Storage related haematological and biochemical changes in Plasmodium falciparum infected and sickle cell trait donor blood

Published on 2018-11-06T05:00:00Z (GMT) by
Abstract Background In sub-Saharan Africa where sickle cell trait (SCT) and malaria is prevalent, significant proportions of blood donors may be affected by one or more of these abnormalities. The haemato-biochemical properties of SCT and asymptomatic malaria in donor blood have not been evaluated. This study evaluated the haemato-biochemical impact of SCT and asymptomatic malaria infections in citrate-phosphate-dextrose-adenine (CPDA-1) stored donor blood units. Methods Fifty-milliliters of sterile CPDA-1 anti-coagulated blood were drained into the sample pouch attached to the main blood bag. Ten units each of sickle cell/malaria negative, sickle cell and malaria positive blood were analyzed. Baseline and weekly haematological profiling and week 1, 3 and 5 concentrations of plasma haemoglobin, % haemolysis, sodium, potassium and chloride and lactate dehydrogenase (LDH) were assayed. Differences between baseline and weekly data were determined using one-way analysis of variance (ANOVA) and Kruskal-Wallis test, whereas differences between baseline parameters and week 1–3 data pairs were determined using paired t-test. P-value < 0.05 was considered statistically significant. Results Storage of SCT and malaria infected blood affected all haematological cell lines. In the SCT donors, red blood cells (RBC) (4.75 × 1012/L ± 1.43baseline to 3.49 × 1012/L ± 1.09week-5), haemoglobin (14.45 g/dl ± 1.63baseline to 11.43 g/dl ± 1.69week-5) and haematocrit (39.96% ± 3.18baseline to 33.22% ± 4.12week-5) were reduced. In the asymptomatic malaria group, reductions were observed in RBC (5.00 × 1012/L ± 0.75baseline to 3.72 × 1012/L ± 0.71week-5), haemoglobin (14.73 g/dl ± 1.67baseline to 11.53 g/dl ± 1.62week-5), haematocrit (42.72% ± 5.16baseline to 33.38% ± 5.80week-5), mean cell haemoglobin concentration (35.48 g/dl ± 1.84baseline to 35.01 g/dl ± 0.64week-5) and red cell distribution width coefficient of variation (14.81% ± 1.54baseline to 16.26% ± 1.37week-5). Biochemically, whereas plasma LDH levels significantly increased in asymptomatic malaria blood donors (319% increase at week 5 compared to baseline), SCT blood donors had the most significant increase in plasma potassium levels at week 5 (382% increase). Sodium ions significantly reduced in SCT/malaria negative and sickle cell trait blood at an average rate of 0.21 mmol/L per day. Moreover, elevations in lymphocytes-to-eosinophils and lymphocytes-to-neutrophils ratios were associated with SCT and malaria positive blood whilst elevation lymphocytes-to-basophils ratio was exclusive to malaria positive blood. Conclusion Severe storage lesions were significant in SCT or malaria positive donor blood units. Proper clinical evaluation must be done in prospective blood donors to ensure deferral of such donors.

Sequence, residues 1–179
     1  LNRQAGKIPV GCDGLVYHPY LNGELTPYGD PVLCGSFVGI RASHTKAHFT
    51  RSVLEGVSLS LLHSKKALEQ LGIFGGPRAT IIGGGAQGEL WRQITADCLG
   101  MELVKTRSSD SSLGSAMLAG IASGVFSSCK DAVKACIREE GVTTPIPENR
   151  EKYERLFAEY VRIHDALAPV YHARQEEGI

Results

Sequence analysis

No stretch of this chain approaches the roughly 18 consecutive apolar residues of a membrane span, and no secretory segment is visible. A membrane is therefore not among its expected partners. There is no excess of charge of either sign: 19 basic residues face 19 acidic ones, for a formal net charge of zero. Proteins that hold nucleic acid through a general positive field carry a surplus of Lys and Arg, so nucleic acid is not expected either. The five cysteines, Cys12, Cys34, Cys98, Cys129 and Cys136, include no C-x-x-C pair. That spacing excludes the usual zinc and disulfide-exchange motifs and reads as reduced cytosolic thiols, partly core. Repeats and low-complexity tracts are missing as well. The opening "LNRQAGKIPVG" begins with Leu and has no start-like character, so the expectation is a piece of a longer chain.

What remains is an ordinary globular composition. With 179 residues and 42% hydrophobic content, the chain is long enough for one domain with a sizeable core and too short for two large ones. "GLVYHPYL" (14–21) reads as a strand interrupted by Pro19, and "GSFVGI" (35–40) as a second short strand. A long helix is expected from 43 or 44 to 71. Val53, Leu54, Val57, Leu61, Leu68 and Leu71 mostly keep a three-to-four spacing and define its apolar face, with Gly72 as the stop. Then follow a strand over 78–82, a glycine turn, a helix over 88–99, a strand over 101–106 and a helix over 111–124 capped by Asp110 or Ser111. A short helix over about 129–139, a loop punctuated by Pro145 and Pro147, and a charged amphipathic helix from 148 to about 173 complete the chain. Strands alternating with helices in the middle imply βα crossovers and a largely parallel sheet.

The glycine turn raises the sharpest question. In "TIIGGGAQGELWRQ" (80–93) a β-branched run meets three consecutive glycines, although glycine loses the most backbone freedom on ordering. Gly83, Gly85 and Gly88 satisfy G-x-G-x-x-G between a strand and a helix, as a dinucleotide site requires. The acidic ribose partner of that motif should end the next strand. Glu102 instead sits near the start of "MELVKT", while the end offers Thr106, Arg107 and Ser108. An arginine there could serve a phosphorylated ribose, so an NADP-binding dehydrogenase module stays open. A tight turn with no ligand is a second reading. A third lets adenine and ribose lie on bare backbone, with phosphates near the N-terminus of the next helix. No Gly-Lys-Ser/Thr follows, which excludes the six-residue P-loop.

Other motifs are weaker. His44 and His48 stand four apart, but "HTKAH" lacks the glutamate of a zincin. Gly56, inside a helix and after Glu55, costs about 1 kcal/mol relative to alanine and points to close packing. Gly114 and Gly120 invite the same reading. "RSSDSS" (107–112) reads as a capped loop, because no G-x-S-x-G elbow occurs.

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Aninagyei, Enoch; Doku, Emmanuel; Adu, Patrick; Egyir-Yawson, Alexander; Acheampong, Desmond (2018): Storage related haematological and biochemical changes in Plasmodium falciparum infected and sickle cell trait donor blood. figshare. Collection. https://doi.org/10.6084/m9.figshare.c.4292945.v1